Key to curriculum embedded or naturalistic assessment is the process of designing assessments that do not disrupt the teaching-learning process. For older students this may take the form of project-based or problem-based learning with documentation of the contribution of each member of the learning team. Crisp (2014) in a discussion of The Next Generation Science Standards describes how mobile devices with built-in cameras and global positioning systems can allow students to demonstrate their "findings" during science outings.


Another approach to naturalistic assessment is the use of educational games whereby teachers capture student performance through the digital recording of student responses. Educational games provide a highly engaging, high-tech approach that can provide valuable feedback on student learning. Galactic Mappers, for example, can provide an assessment of geography skills, design, listening, and planning.

Other approaches that also are naturalistic include simulations. Thanks to digital technologies, digital simulations provide a vehicle not only for assisting students with learning in context, but also for assessing student thought processing and understanding.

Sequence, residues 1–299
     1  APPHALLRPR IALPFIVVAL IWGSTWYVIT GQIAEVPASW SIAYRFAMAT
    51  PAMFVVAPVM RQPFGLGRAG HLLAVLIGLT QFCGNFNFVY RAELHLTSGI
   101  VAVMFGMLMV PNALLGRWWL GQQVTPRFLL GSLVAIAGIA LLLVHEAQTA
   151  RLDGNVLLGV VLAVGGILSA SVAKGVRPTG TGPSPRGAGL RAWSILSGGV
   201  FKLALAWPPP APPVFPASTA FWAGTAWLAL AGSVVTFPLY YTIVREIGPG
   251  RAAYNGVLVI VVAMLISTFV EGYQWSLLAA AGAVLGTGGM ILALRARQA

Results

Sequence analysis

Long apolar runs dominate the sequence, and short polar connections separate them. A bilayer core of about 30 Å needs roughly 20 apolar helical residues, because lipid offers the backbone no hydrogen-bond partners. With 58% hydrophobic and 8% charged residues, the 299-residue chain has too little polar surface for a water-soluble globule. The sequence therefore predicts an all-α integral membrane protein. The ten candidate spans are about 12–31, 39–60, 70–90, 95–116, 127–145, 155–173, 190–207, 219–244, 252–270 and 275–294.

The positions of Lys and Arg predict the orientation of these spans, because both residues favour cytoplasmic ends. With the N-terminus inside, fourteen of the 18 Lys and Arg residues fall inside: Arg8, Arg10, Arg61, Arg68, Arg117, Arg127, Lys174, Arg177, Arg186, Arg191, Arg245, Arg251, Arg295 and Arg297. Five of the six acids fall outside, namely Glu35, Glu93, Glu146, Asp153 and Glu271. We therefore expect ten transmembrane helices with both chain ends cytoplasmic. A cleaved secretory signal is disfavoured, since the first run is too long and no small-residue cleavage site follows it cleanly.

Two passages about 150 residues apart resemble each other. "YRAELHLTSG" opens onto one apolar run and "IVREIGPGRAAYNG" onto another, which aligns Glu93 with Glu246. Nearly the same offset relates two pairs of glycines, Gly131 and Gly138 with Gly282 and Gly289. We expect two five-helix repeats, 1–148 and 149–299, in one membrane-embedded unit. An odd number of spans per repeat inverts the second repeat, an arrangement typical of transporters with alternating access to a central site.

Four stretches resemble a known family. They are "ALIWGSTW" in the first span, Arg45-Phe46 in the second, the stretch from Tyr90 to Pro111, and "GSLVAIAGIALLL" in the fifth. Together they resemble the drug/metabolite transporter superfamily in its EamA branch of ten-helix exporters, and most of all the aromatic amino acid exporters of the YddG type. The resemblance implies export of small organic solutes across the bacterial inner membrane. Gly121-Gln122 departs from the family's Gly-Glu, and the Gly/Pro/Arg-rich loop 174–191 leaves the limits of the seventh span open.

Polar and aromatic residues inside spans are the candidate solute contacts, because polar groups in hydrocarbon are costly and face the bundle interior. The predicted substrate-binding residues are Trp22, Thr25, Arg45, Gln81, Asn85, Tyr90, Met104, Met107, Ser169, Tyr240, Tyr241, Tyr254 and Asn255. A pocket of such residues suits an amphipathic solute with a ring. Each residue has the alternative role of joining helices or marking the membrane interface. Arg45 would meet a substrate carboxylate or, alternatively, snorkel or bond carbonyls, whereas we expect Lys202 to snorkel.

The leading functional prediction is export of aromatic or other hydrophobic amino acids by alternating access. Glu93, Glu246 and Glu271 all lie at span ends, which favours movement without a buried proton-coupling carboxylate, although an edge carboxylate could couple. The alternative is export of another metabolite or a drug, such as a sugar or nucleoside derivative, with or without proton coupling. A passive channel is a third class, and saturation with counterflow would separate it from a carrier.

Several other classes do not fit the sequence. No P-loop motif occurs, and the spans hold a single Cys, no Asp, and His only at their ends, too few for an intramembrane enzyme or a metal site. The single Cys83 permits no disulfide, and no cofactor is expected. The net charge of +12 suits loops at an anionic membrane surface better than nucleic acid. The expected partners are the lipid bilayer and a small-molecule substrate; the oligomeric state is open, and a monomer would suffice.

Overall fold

Schools at the Forefront

Chappaqua Central School District in New York has designed more than 90 assessments to gauge student creativity and critical thinking skills, with a focus on assessments that mirror learning. Eric Byrne, the district's assistant superintendent for curriculum and instruction states," We are trying to change the culture around assessments. We want assessments that produce learning" (Terrell, 2014). For instance, students' English language arts assessments are in the form of argumentative essays. Another authentic assessment type is used in science, where students perform what is essentially lab work by conducting an experiment and then writing a lab report to support conclusions.



In addition to removing the strict timing of standardized tests, these assessments take place over several days. Another practice that differs dramatically from the typical tests is that teachers provide feedback to students who are then encouraged to revise their work. The overall outcome is clearly aimed at learning, instead of a snapshot score on a particular day.  


At Danville Independent Schools in Kentucky, mastery of a subject is assessed -- for grades 5 - 12 -- much as in college thesis defenses with roundtable discussions and presentations. Younger students are assessed on core subjects by teacher teams guiding them through a series of tasks. Rubrics are used, and teachers grade on indicators, such as problem-solving and reasoning.